Netflix Creates Its Own Content Delivery Network

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Top 10 Myths About IPv6

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Clearly, streaming video is one of the biggest drivers in the explosive growth of the Internet and broadband networks. Indeed, it probably is the biggest. Getting all those images across the Internet is one of the reasons that IPv6 - which is celebrating its turn-on day today - is a big deal.

 

Content delivery networks (CDNs) are a long-established approach to cut down on that traffic and deliver video more efficiently. The idea is pretty simple: Having such a network in place can cut traffic by strategically caching content. An important byproduct is that a CDN enables the company to avoid the pitfalls of using the public Internet to traffic its data. Service providers in some cases create their own CDNs. They also use commercial providers - Akamai is the largest, which Limelight and Level3 significant players - or a combination.

 

This week, Netflix announced that it has created Open Connect, its own CDN. The company already is using it to deliver about 5 percent of its content. Netflix points out itself that the other major OTT video provider on the Internet, YouTube, has long had its own CDN.

 


There is a lot of money in CDNs, and how well they operate is hugely important to service providers. GigaOm reported that Netflix won't charge for peering - the handing off of streaming traffic to customers' ISPs - and will share its technical plans. The site is unsure whether this is realistic:

It remains to be seen how receptive the Comcasts, Verizons and AT&Ts of the world will be to the idea. Telcos like AT&T have built their own CDNs, and they charge content providers like Netflix to cache their content. Other ISPs actually earn a paycheck from commercial CDN providers to host content servers on their networks. With the Open Connect, those revenue streams would go away. But if ISPs were to take Open Connect into their networks they could save considerably on network transport costs by moving the source of Netflix's enormous traffic flow closer to their customers.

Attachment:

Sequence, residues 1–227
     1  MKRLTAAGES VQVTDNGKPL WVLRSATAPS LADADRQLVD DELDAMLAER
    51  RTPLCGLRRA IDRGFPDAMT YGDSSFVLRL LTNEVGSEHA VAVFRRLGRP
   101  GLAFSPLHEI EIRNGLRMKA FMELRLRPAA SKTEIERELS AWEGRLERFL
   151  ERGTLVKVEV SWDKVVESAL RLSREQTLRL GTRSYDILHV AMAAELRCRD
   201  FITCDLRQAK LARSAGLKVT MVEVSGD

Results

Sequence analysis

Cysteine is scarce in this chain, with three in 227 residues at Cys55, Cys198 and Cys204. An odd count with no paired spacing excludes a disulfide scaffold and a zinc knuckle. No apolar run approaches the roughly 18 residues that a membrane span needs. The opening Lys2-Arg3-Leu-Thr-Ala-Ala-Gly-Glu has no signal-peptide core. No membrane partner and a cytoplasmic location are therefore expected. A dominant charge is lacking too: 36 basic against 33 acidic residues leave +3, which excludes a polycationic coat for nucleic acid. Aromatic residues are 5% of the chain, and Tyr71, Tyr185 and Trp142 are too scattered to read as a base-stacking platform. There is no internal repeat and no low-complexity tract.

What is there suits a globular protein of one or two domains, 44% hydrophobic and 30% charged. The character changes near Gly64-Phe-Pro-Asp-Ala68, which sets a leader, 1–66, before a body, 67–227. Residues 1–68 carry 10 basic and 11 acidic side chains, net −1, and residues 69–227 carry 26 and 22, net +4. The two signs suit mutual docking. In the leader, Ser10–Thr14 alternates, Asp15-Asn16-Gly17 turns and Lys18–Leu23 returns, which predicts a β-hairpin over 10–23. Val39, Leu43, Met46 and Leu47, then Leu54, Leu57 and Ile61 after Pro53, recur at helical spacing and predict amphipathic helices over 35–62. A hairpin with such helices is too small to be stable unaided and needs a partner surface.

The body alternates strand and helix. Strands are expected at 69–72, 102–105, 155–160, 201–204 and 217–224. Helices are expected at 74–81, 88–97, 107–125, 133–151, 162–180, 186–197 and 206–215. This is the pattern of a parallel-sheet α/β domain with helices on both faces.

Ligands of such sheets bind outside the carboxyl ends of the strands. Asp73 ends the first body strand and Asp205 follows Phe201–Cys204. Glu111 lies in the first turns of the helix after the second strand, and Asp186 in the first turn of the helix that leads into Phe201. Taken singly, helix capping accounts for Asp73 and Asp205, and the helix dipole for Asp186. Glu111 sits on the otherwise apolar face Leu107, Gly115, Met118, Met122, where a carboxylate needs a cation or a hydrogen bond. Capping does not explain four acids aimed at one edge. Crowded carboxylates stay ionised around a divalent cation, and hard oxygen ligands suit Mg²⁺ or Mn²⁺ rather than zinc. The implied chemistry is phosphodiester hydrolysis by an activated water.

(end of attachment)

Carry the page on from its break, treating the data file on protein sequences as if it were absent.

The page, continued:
The CDN market is complicated. For instance, Amazon Web Services is a competitor, though its main business isn't CDNs. This Investors.com piece looks at some recent moves by Amazon's CloudFront and its potential threat to Akamai. The bottom line is that any player with enough fiber resources in enough places - and a way to link them together - can mount a CDN service and must be considered a player.

 

EdgeCast Networks, another CDN player, announced IPv6 compliance today. It seems that such a step is table stakes to be a player in the business. This ZDNet post outlines what Akamai has done in IPv6.

 

In the bigger picture, it will be interesting to see how CDNs continue to evolve in the future. The Netflix move is significant. A major player that doesn't seek every opportunity to own as much of its infrastructure as it can is courting trouble. In the case of Netflix, it is particularly important as the company seeks to rebound from a rough period.



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